5 Most Salient Points in Financing a Ground Lease

By Brandon Wilhite

ground-leaseAt Metropolitan Capital Advisors (“MCA”), a commercial real estate capital intermediary, we are continually tasked with assisting our clients in financing challenging projects.  Financing a ground lease, in which the lender’s mortgage is typically not secured by a fee interest in the real estate but rather by the borrower’s leasehold interest in the real estate, certainly qualifies as a challenging assignment as ground leases are notoriously difficult to finance.

A ground lease can be an effective way for a developer or end-user to gain long-term control of land (a “leasehold interest”) that a fee owner may otherwise not sell.  Such is the case when private property is being developed on public land that is not available for sale or when a private interest wants to retain long-term fee ownership in the land to eventually sell or, perhaps, to create an annuitized income stream to pass down a generation.  In fact, many holiday shoppers may be surprised to know that Northpark mall in Dallas was originally developed on a ground lease, as is the World Trade Center in New York (owned by the Port Authority).

While one could conceivably write a book (or a least a chapter or two) on the ins and outs of financing ground leases, we will just touch on the most salient points in this blog post.

First and foremost, as previously stated, the leasehold mortgage is secured not by the fee interest in the real estate but by the borrower’s leasehold interest in the real estate.  Therefore, in order for the ground lease to be financeable, it must have certain attributes that give a prospective lender adequate protection of its collateral.  In fact, the lender’s biggest risk is not a default by the borrowerbut a premature termination of the ground lease.  Such an occurrence would completely wipe out the lender’s collateral, giving it little recourse to recover the loss of principal.  It is, therefore, crucial that the ground lease give the leasehold mortgagee (the lender) rights and remedies similar to those afforded to real estate-secured lenders in the event of a borrower loan default.  The rights and remedies will typically include the right, without the landlord’s consent, to:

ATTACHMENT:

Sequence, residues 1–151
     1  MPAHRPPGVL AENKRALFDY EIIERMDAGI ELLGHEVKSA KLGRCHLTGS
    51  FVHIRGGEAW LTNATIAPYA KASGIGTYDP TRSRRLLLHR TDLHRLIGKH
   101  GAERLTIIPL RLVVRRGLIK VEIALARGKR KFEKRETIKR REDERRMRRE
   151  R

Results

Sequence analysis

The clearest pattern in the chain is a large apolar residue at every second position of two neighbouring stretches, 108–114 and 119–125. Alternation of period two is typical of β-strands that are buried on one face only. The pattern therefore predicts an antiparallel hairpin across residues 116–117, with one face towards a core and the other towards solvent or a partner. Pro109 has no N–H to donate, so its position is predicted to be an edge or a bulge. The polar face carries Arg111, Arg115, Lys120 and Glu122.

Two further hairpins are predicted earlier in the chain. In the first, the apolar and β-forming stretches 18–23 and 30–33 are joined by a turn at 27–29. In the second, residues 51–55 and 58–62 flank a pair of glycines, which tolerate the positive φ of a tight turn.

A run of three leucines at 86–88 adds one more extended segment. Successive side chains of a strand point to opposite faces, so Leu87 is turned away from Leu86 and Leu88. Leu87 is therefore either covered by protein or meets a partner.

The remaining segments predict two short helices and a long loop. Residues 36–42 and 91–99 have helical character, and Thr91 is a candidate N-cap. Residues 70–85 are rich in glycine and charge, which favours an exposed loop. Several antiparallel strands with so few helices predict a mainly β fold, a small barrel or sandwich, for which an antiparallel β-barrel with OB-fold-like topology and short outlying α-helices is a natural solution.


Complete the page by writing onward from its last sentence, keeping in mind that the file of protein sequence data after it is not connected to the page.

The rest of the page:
• foreclose and sell the tenant’s leasehold estate and interests
  • assume the borrower’s lease
  • assign or sublease the assumed lease to a third party
  • cure the tenant’s default – ideally, the ground lease cannot be terminated by a default by the tenant that is curable by the leasehold mortgagee
  • enter into a new lease under the same terms and conditions as the original lease, if the ground lease is terminated by the landlord, so long as the leasehold mortgagee pays all back rent due

Additionally, in order for a ground lease to be financeable, it must have significant remaining term.  Lenders may require that the ground lease extend anywhere from 10 to 20 years beyond final maturity date of the loan so that the borrower will be able to refinance the loan at maturity.  In fact, in some states certain regulations will put requirements on the loan term as it relates to the remaining lease term  (i.e. ten years beyond the lease term or less than 4/5 of the remaining lease term).

Finally, in some instances it may be necessary for the landowner to agree to a subordinated ground lease in order for the prospective ground lessor to obtain the necessary financing, as opposed to an unsubordinated ground lease in which the leasehold estate is the primary security for the loan.  In a subordinated ground lease, the landowner allows the lender to place a lien against its fee simple interest in the land to secure the payment of the loan.  The lender will have a lien against both the fee simple interest in the real estate and the leasehold estate of the tenant.  In some cases, such as when the land is owned by a public entity (i.e. the Port Authority), this may not be feasible.

Although there are typically more hurdles associated with financing ground leases, so long as the lender is given rights and remedies similar to that of a real estate-secured loan, those hurdles can certainly be cleared.  If you have a ground lease in need of financing or refinancing, contact one of MCA’s Senior Directors to assist you in locating the best financing source. Or, if you would like, please fill out the form below, and we will contact you shortly regarding your financing needs of a ground lease or if you are needed a commercial real estate deal funded:

Posted on by Scott Lynn in Commercial Real Estate Finance 2 Comments